Verizon Bumps Up FiOS Internet Speeds to a Maximum of 300 Mbps
May 30, 2012 6:59 PM
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Pricing for all of the tiers will be announced next month, where Verizon users can choose a standalone Internet service or add these tiers to their bundles
Verizon announced today that it will not only more than double the speeds of many FiOS Internet tiers, but will also add two new tiers.
According to Verizon, its updated
FiOS Internet tiers
will consist of 50/25 Mbps and 150/65 download/upload speeds. However, other entry-level options will remain the same, such as the 15/5 Mbps, 25/25 Mbps, 35/35 Mbps, 50/20 Mbps and 150/35 Mbps tiers.
The two new tiers will feature 75/35 Mbps or 300/65 Mbps speeds. Verizon said the 300/65 tier is double that of the current FiOS Internet top speed, which is 150/35 Mbps.
"The ways we used the Internet and watched TV over the past 10 to 15 years have dramatically shifted," said Bob Mudge, president of Verizon's consumer and mass market business unit. "With the emergence of smartphones, smart TVs, Blu-ray players, tablets and gaming consoles that also serve as over-the-top devices, consumers need more bandwidth to receive the highest quality experience."
Each tier is targeted at a specific audience. The layout is as follows: 15/5 Mbps for a one or two person household for just email and Web browsing; 50/25 Mbps for a multi-person household that downloads music,
and telecommutes; 75/35 Mbps for households that have three or more people on Internet-connected devices, stream HD movies, and play multi-player gaming, and 150/65 and 300/65 for households with five or more heavy Internet users.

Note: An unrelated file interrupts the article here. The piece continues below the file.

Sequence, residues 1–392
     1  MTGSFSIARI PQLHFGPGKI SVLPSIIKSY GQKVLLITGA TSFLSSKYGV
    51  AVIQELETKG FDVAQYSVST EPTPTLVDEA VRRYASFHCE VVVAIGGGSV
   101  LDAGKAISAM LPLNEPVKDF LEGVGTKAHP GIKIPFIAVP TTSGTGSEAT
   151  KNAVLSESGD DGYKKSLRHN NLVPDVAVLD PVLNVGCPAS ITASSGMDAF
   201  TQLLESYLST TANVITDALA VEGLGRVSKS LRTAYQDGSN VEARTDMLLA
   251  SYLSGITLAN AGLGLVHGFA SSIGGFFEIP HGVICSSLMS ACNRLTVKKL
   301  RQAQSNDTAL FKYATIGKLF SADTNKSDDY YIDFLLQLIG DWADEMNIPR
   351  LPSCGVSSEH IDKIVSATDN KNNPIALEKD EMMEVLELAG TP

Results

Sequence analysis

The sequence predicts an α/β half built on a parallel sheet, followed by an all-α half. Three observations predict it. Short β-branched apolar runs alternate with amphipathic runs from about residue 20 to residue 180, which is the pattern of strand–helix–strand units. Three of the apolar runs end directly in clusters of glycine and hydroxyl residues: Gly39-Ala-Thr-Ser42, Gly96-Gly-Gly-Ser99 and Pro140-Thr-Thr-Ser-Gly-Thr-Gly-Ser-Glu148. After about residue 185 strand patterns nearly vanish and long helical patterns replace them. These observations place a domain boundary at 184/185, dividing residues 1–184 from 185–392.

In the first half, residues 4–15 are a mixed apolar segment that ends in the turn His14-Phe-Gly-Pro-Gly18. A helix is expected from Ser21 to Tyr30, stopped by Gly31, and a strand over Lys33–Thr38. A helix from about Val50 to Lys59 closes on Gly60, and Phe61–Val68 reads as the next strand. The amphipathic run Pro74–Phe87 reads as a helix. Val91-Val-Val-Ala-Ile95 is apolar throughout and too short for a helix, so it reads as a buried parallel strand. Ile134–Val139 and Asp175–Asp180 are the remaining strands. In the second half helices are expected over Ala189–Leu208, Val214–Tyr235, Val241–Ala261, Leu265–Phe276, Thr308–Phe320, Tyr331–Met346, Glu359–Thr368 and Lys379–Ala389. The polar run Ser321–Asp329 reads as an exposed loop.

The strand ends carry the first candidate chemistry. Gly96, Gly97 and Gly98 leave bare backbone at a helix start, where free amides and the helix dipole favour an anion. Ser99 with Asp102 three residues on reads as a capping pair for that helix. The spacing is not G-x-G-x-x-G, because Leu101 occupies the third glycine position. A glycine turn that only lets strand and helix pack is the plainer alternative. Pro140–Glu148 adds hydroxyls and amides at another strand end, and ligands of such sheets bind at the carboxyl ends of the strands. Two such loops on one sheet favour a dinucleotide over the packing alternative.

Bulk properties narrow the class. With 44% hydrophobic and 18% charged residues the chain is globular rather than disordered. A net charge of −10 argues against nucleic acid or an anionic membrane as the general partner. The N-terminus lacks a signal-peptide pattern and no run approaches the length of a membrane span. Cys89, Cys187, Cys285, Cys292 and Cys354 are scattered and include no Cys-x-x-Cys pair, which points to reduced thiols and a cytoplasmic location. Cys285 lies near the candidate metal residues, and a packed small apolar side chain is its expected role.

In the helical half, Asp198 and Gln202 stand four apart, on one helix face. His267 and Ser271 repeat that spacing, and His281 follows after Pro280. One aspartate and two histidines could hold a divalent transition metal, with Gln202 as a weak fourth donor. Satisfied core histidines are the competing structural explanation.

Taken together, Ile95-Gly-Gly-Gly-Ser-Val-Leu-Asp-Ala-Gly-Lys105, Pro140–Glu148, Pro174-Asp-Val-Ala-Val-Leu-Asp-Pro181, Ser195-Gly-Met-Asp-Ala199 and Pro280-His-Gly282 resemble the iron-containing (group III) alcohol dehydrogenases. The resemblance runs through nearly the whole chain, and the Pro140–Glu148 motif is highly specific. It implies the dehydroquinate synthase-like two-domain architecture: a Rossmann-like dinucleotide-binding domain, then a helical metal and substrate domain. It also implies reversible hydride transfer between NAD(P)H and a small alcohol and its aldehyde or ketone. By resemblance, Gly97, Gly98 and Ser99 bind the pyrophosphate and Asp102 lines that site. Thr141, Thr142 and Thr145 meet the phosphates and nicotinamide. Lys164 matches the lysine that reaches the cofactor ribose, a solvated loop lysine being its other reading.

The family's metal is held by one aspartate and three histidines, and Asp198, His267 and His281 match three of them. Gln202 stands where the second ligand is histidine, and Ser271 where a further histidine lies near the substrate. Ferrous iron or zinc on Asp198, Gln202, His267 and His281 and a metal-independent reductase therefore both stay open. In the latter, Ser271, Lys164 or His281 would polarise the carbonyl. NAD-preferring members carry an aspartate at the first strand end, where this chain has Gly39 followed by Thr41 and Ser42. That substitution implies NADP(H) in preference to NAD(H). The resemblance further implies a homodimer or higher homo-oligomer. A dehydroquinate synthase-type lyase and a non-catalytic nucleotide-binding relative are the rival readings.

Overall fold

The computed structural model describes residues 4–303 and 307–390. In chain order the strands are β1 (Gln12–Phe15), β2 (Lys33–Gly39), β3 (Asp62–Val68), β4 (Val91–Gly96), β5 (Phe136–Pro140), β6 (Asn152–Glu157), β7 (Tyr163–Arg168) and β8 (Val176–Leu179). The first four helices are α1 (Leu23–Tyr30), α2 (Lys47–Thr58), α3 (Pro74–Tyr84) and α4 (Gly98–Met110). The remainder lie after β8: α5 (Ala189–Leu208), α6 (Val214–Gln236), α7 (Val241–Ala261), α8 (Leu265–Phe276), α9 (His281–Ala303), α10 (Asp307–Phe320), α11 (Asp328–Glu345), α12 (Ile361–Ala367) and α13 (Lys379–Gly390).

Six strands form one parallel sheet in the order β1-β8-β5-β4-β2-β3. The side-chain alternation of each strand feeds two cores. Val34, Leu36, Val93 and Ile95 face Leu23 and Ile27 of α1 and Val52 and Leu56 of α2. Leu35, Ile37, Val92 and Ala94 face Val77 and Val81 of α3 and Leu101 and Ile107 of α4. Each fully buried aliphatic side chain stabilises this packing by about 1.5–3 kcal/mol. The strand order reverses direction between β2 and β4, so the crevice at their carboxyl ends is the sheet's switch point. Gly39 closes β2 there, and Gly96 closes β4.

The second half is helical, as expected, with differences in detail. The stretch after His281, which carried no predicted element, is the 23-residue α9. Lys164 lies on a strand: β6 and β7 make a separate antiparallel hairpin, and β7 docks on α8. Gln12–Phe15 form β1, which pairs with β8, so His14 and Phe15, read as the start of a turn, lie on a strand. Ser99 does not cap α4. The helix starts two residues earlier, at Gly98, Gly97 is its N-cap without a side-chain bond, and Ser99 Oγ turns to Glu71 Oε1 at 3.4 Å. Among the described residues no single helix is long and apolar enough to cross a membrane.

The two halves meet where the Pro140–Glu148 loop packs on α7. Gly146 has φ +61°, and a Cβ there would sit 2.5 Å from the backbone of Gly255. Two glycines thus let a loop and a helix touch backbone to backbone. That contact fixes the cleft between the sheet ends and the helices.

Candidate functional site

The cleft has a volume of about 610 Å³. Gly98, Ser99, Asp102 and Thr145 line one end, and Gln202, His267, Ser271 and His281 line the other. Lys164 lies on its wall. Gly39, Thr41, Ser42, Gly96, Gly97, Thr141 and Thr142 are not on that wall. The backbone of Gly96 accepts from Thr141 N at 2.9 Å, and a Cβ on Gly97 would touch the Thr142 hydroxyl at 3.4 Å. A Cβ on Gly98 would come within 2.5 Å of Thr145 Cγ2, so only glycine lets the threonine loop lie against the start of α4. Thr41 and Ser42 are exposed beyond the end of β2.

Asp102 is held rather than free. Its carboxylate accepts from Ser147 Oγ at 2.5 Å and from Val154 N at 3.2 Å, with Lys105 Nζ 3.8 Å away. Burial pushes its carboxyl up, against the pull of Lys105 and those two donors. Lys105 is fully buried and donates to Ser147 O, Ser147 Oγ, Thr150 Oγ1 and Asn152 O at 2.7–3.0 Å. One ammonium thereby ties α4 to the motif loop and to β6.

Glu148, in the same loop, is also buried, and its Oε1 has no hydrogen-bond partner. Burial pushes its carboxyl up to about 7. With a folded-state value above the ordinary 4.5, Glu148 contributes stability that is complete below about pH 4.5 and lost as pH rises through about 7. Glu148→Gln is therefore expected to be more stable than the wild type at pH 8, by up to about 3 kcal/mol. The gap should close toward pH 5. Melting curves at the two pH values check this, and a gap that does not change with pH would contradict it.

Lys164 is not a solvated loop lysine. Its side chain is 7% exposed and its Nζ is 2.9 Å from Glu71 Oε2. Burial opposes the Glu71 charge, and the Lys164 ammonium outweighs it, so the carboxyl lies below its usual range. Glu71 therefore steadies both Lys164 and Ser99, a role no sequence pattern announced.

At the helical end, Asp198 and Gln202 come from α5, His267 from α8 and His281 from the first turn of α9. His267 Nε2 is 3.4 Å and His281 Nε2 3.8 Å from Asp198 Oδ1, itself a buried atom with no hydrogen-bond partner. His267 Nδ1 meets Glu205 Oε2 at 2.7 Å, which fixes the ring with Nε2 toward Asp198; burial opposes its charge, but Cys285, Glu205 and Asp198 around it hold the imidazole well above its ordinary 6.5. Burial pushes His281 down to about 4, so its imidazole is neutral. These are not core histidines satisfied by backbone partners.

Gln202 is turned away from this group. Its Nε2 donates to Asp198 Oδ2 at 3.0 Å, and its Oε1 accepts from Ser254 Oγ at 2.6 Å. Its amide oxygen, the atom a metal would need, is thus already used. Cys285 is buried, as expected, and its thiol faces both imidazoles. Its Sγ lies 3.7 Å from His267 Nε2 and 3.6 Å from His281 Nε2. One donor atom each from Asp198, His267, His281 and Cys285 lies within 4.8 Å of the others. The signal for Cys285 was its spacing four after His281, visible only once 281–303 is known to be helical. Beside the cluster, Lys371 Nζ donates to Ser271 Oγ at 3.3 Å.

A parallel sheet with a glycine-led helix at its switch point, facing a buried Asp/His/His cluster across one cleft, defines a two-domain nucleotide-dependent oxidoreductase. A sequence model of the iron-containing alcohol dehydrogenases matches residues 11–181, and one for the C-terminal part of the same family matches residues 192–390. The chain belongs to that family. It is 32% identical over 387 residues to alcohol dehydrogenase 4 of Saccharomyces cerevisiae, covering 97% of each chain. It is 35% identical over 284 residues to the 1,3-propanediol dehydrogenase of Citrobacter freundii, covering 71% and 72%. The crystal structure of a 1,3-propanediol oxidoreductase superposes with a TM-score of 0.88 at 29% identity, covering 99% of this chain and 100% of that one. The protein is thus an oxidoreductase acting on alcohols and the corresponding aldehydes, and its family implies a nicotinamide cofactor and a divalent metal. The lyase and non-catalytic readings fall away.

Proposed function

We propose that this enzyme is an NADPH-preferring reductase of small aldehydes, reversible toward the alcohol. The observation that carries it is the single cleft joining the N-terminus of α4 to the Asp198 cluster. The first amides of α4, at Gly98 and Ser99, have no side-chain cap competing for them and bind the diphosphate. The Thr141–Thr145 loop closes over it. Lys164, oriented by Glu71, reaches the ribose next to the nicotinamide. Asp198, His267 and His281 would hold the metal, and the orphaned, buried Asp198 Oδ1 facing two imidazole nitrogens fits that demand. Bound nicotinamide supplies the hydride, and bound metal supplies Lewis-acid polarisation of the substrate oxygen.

"Our top FiOS speed will be twice as fast as anything America has ever seen," said Mike Ritter, chief marketing officer for Verizon's consumer and mass market business unit. "High-speed Internet no longer is just for techies, as more than half of our residential consumers already use at least a 20 Mbps Internet connection.
Streaming online video
on an all-fiber-optic connection providing faster speeds is better and more reliable during peak Internet usage hours.
"As recently as 2005, video was less than 10 percent of Web traffic. By the end of this year, we expect it to be 50 percent, growing to 90 percent in just a few years."
The 150/65 and 300/65 tiers will require a gigabit passive optical network (GPON) installation.
Pricing for all of the tiers will be announced next month, where Verizon users can choose a standalone Internet service or add these tiers to their bundles.
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Yay for the 5% of the country ...
5/31/2012 10:23:18 AM
... that can get FIOS from Verizon !! So many promises and so little effort for anyone but the shareholders. Verizon's 'Fusion' strategy appears ready to put the final nail into the DSL coffin.
Info available here:
RE: Yay for the 5% of the country ...
5/31/2012 3:21:11 PM
The thing is, DSL is plenty fast in short runs. VDSL2, which is used in hotels and apartment complexes, can hit 100 Mbps or more both ways over distances up to 300 meters using regular cat3 phone lines. It was introduced in
- an eternity ago by modern technology standards.
The problem has been the phone companies have been lazy, doing everything they can to avoid having to lay down new cable. Rather than run new high-speed lines to each city block, then run VDSL2 from that to each home over existing copper phone lines, they just plop ADSL equipment in their phone room and call it a day. Because the DSL signal has to run over several km of phone lines to your house, your max speed is pathetic by modern cable/fiber standards.
Contrary to Verizon's all-or-nothing approach to fiber with FIOS (they snip your copper phone lines if you get FIOS), several fiber network companies are doing just what I described above. Running fiber to each city block, putting VDSL2 equipment there, and using VDSL2 to bridge the "last 100 feet" from the street to the house. That way you get fiber speeds without having to run the fiber all the way to the house. The DSL phone companies could've done this 10 years ago if they had wanted to (the original VDSL gave speeds up to 55 Mbps down, 3 Mbps up in 2001).
"I want people to see my movies in the best formats possible. For [Paramount] to deny people who have Blu-ray sucks!" -- Movie Director Michael Bay
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